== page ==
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Anorak | Biased BBC takes The Israel Test: Mishal Husain wonders if attempted murder is any crime at all?

Biased BBC takes The Israel Test: Mishal Husain wonders if attempted murder is any crime at all?

by | 22nd, November 2012

GIL Hoffman, Chief Political Correspondent and Analyst with the Jerusalem Post, has been on the BBC talking with Mishal Husain about the latest fighting in Gaza. As ever, these wars of self-defence and self-assertion ride high on the news cycle. The West sees itself in the conflict.

Brendan O’Neill paraphrases George Gilder in The Israel Test:

Western thinkers, politicians and activists define themselves through their attitude towards Israel. They project on to Israel either their desperate desire to save Western Enlightenment values from being trashed (with some seeing Israel as the No.1 defender of those values), or their aching guilt over the values of Western colonialism (with others seeing Israel as the No.1 embodiment of those archaic values), and then cheer or denounce Israel and its local wars accordingly.

The idea you can only act when people have been killed is odd. If you keep shooting, and the target keeps ducking, what does the law say?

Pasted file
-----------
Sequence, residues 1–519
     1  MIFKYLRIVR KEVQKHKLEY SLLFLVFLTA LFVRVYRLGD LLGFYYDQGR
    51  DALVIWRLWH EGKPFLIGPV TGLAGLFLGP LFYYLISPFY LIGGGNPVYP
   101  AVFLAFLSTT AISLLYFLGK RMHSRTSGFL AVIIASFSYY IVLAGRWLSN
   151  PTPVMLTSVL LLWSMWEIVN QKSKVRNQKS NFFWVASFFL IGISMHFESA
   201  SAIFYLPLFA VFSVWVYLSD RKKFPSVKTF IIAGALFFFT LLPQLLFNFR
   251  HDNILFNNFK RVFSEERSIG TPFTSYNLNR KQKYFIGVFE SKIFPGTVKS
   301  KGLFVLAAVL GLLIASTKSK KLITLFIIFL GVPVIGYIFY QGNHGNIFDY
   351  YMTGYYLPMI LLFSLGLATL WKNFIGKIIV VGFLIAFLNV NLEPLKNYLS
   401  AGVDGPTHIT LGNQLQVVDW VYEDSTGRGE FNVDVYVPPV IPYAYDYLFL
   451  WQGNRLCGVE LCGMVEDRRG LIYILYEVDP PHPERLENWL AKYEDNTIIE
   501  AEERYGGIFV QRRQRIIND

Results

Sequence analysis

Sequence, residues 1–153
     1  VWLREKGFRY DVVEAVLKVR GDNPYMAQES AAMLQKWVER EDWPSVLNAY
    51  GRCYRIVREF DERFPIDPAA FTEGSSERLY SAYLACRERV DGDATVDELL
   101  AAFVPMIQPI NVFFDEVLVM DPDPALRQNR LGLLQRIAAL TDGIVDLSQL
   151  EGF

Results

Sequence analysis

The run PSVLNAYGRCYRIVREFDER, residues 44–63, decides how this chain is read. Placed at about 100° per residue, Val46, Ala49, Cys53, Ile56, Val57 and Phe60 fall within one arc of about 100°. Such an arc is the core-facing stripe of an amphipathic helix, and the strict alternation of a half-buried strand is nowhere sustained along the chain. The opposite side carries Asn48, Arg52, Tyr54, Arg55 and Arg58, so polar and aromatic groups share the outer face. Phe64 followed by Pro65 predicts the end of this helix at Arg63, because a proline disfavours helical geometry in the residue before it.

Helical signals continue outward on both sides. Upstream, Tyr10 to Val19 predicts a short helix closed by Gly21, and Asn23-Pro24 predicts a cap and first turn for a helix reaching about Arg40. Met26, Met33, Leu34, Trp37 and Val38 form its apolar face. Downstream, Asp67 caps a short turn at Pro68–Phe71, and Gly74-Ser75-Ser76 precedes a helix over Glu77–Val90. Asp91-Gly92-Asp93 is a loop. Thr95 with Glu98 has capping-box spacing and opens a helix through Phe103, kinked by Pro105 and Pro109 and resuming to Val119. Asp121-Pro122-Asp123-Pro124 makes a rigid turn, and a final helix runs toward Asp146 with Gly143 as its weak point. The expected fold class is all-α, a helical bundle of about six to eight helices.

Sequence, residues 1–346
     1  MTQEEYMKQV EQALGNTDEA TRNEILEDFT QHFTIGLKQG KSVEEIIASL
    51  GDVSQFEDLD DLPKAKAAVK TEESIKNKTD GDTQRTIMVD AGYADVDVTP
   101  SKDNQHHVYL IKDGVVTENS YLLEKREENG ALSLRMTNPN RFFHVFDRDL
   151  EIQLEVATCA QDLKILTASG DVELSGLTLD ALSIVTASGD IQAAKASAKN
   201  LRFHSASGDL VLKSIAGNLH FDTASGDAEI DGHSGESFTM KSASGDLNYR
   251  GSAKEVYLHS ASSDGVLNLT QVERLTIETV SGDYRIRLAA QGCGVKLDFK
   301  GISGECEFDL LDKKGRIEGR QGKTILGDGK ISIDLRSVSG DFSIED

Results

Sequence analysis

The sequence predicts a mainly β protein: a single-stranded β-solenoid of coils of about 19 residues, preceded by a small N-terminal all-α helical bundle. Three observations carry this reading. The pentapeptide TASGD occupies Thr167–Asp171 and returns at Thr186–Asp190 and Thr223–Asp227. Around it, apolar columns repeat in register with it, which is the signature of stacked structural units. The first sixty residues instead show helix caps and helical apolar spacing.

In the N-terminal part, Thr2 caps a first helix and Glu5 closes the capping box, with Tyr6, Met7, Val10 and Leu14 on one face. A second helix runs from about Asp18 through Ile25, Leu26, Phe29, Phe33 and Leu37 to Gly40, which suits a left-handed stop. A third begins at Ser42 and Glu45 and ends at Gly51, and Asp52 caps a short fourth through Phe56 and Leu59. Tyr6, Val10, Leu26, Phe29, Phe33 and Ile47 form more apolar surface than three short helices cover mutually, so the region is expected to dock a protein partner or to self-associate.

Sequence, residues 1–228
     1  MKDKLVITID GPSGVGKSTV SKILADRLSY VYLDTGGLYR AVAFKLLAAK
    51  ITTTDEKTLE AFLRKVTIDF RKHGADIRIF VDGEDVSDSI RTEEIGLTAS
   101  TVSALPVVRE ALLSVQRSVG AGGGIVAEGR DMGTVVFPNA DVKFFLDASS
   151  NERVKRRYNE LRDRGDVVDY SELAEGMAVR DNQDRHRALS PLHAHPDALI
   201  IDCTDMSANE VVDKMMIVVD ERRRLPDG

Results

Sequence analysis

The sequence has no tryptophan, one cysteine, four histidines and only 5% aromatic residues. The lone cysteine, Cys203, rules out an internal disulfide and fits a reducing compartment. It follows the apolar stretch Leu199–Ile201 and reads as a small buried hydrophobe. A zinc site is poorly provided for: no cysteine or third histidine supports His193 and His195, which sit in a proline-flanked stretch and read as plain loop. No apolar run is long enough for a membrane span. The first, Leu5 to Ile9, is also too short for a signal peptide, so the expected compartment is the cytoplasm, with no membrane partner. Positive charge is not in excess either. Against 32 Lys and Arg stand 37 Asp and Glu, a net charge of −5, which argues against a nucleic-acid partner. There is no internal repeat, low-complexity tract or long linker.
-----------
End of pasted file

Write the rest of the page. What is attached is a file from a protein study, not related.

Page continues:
This would all at least be consistent if the BBC punctuated its coverage of Iraq and Afghansitan with the tallies of death on each side. When a British serviceman or woman dies, the BBC can adjust the tally and then the journalist can look approvingly or disapprovingly at the camera. When they numbers of ruined lives on all sides match up, the war can be declared a draw right?

According to the BBC, 6,850,000 Germans died in World War 2 – see table below (the figure inlcudes Holocaust victims.) . The number of British killed: 388,000.

So. Was the British response disproportionate? Was the Russian response (20,600,000 dead) not enough?

Click the image to enlarge:

world war 2 deaths by nation 1024x325 Biased BBC takes The Israel Test: Mishal Husain wonders if attempted murder is any crime at all?



Posted: 22nd, November 2012 | In: News Comments (14) | Follow the Comments on our RSS feed: RSS 2.0 | TrackBack | Permalink